Learn how a late night snack can be good for you.
Many people still believe that every calorie after supper will go straight to the waistline. How many times have you gone to bed starving, afraid to eat because of the myth that “anything after 7:00 pm leads to weight gain”? Well, this is not entirely true. In fact, provided you do it smartly, a late night snack is actually good for both weight loss and muscle growth. If you eat the right nutrients at the right time you can actually lose fat while you sleep!
Over the course of a day, it’s about how much, not when.
When it comes to losing body fat, it’s about whether you are taking in more calories than your body needs for its day-to-day functions. If you take in fewer calories, you lose fat. Conversely, if you eat more than you burn, you’ll gain weight. Therefore, it really doesn’t matter what you consume as long as the calories are lower than the daily energy expenditure.
Now, this doesn’t mean you can switch to an a junk food diet. Junk food won’t provide your body with the nutrients needed for proper health and recovery from exercise. But as long as the food — and more importantly the calories it contains — fits in with your total daily calorie budget, you can certainly have a late night snack. The most important thing to remember is portion size and nutrient selection.
What not to do
Many late-night munchers do it more so out of habit than hunger. Other factors like boredom, tiredness, and stress often play a role. Ask yourself if you are truly hungry or if you are just conditioned to eating before bed. Remember that stress can lead to an increased appetite, so be extra cautious during stressful times.
Another major problem is that people often select unhealthy late-night snacks. It doesn’t take long for the calories from chips, chocolate bars, and ice cream to add up. It’s worse if washed down with copious amounts of alcohol! Besides its own calories, alcohol slows down your metabolism, which could lead to increased fat storage. The key is to not so much to drop late night snacking, but rather to change what the late night snack consists of.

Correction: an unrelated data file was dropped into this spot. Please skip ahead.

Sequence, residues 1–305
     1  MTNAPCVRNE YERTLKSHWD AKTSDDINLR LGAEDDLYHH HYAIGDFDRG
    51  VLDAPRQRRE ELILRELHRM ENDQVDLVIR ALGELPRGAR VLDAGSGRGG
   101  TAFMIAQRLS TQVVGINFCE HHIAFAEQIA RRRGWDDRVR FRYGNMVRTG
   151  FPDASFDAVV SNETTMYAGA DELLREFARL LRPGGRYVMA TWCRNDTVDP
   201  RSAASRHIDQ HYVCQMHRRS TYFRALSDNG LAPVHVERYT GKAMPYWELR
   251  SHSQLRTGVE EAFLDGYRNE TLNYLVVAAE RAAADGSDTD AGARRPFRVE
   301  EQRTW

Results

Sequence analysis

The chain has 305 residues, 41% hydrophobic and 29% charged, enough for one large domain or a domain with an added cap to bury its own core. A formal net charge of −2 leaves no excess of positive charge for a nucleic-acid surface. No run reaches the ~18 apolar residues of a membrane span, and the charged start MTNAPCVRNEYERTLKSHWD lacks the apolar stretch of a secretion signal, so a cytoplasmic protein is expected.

A few words of caution: those who experience regular insomnia may want to skip late night snacking as it could make the situation worse. Even a small amount of the food in the stomach will increase a person’s metabolism and perhaps prevent their body from shutting down for the night.
Then there are those with diabetes. Given that diabetes sufferers need to be precise in regulating their blood sugar, a late night snack may interfere with this delicate balancing act. Finally, we have those with heart problems. The increased demands placed on the heart to increase blood flow to the stomach may be a concern. If you have any health concerns or doubts about late night snacking, consult your physician.
Late but healthy
So what should your late night snack consist off? For starters you can’t go wrong with lean protein like chicken or turkey breast, low-fat cottage chesses, and fish. If you’re the liquid type, try a protein drink. A high protein snack can actually boost recovery and prevent the body from using muscle tissue as an energy source during sleep.
While whey is probably the best source at any other time of the day, casein (also derrived from milk) makes an excellent late night drink since it absorbs more slowly and will carry you through your six to eight hours of sleep.
Other good choices are low-glycemic carbohydrates such as vegetables and some fruits. Try to avoid high-glycemic index carbs. They are absorbed rapidly and have a greater chance of being stored as fat when eaten late. If you really have a carb craving, try the high-fiber, low-glycemic kind like berries, peaches, and plums.
Recommended late-night snacks: